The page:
It’s important to understand the difference between a wrongful death lawsuit and a “survival action.” The latter is a separate claim that the deceased person could have filed for injuries had they survived.

Survival actions have their own statutes of limitations depending on the underlying issues. A wrongful death claim is specifically for the losses suffered by family members because of the death. Only wrongful death has the 2-year statute.

When the Clock Starts Ticking

The 2-year period for wrongful death claims begins when the plaintiff discovers, or reasonably could have discovered, the wrongful act causing death.

Unlike some states, the clock does not start automatically on the date of death in California. This is a key distinction many people misunderstand.

Exact Deadline vs. Tolling Provisions

While the statute sets 2 years as the deadline, this can be paused or “tolled” under certain conditions. For example, if a defendant leaves the state or conceals facts, the limitation period may be tolled until they return or the facts are uncovered. So the deadline is not always exact.

Criminal Murder vs. Civil Wrongful Death

There is no statute of limitations for filing criminal murder charges in CA, even when the killing would qualify as wrongful death. But civil wrongful death lawsuits do have the 2-year limit. This is an important distinction.

Exceptions for Minors

If the deceased person had surviving minor children, the time limit for the children to file a claim is extended to their 26th birthday. This provides additional protection for grieving families.

Variation Among States

The statute of limitations for wrongful death ranges from 1-4 years in different states. So California’s 2-year limit is on the shorter side nationally, underscoring the need for quick legal consultation.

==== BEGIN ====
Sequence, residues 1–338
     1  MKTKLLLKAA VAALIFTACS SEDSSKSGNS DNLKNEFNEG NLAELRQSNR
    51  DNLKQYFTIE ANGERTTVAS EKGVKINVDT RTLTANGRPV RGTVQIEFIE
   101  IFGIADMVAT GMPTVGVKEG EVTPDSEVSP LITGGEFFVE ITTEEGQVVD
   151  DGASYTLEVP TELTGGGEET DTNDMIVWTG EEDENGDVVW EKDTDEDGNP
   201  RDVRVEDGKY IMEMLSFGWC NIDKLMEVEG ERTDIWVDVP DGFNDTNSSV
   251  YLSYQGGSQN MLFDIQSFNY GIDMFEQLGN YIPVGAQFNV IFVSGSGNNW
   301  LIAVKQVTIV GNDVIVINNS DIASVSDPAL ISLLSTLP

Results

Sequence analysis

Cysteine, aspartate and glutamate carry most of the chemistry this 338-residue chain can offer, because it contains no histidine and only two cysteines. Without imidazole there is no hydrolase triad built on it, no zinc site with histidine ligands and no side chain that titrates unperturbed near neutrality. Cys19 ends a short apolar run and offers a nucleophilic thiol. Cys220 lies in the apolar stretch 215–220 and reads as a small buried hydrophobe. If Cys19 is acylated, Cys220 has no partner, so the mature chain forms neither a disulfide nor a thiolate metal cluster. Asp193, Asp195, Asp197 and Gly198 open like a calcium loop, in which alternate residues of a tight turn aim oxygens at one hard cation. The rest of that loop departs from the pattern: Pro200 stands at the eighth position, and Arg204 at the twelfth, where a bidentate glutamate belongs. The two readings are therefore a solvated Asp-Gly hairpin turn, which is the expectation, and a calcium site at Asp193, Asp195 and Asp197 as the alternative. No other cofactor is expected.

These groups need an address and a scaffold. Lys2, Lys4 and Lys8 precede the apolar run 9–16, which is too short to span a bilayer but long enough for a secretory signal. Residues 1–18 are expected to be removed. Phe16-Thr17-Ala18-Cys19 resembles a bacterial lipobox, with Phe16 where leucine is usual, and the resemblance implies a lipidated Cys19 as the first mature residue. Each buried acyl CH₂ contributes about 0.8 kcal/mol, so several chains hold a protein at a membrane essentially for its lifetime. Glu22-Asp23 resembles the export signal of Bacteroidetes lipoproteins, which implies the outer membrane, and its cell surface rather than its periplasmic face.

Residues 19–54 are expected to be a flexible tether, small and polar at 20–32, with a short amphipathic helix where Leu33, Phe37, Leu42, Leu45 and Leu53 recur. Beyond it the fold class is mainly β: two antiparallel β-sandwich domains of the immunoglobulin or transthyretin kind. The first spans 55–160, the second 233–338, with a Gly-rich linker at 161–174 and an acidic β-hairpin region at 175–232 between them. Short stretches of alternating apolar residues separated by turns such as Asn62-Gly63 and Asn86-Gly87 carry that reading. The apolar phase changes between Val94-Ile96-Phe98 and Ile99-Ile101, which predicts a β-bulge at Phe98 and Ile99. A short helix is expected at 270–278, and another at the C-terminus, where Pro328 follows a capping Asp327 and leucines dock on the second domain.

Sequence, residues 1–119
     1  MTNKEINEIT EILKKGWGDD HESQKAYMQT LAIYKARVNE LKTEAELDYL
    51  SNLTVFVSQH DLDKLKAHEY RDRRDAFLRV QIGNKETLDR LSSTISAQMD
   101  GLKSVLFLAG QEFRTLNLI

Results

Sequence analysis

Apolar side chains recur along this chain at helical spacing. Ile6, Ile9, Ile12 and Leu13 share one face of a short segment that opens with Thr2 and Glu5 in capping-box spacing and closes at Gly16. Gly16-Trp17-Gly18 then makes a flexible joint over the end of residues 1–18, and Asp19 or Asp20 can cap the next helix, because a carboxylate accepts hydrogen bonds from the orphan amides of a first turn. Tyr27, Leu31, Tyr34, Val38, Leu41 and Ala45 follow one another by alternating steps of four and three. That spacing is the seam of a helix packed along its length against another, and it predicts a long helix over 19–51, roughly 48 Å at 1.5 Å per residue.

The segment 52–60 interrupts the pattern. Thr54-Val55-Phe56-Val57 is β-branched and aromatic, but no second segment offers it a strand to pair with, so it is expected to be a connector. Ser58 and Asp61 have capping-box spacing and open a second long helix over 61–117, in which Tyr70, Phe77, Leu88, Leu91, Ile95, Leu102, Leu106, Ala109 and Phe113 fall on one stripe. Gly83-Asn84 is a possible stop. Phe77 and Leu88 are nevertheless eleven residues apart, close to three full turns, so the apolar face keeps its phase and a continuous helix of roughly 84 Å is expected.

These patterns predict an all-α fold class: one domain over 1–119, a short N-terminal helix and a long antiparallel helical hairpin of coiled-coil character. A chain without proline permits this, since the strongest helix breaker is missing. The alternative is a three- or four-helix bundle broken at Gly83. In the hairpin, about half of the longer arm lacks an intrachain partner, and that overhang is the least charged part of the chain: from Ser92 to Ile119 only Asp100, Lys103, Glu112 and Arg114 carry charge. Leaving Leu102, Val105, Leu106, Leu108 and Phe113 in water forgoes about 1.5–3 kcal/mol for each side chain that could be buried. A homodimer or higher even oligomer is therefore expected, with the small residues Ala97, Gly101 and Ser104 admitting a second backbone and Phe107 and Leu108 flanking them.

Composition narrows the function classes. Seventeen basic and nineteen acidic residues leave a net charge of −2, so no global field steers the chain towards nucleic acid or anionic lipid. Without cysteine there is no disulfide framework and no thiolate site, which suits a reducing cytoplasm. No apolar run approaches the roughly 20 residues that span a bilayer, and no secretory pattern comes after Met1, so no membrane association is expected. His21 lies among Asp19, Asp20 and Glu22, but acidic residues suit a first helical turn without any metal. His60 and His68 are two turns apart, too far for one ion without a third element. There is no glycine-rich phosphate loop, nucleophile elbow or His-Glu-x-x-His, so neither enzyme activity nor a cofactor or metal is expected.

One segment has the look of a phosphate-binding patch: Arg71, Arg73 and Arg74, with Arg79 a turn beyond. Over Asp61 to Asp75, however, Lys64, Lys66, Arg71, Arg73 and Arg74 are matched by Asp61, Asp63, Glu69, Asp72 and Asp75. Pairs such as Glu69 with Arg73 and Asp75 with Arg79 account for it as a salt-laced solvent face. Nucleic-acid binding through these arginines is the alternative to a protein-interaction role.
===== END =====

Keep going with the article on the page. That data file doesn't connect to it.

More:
Final Thoughts

Consulting a knowledgeable California attorney is crucial when pursuing a wrongful death claim, given the complexities involved.

While the grief over losing a loved one endures, legal recourse has a short finite window. Understanding California’s statute of limitations for wrongful death claims allows families to take action and seek accountability when the law allows. Contact LawLinq today for a free consultation.

About the Author

Jessica Anvar

California Consumer Litigation Attorney Jessica Anvar, Esq. is the Founder and Managing Partner of Lemon Law Experts California’s leading lemon law firm. She has multiple years’ worth of experience working with both state and federal lemon laws. Her practice focuses exclusively on consumer protection cases. Ms. Anvar received her J.D. from Loyola Law School. She also earned a Master of Business Administration degree from Loyola Marymount University. Jessica is very active in her local legal community and has helped thousands of clients across the state of California. She has an outstanding record as a true advocate for consumers.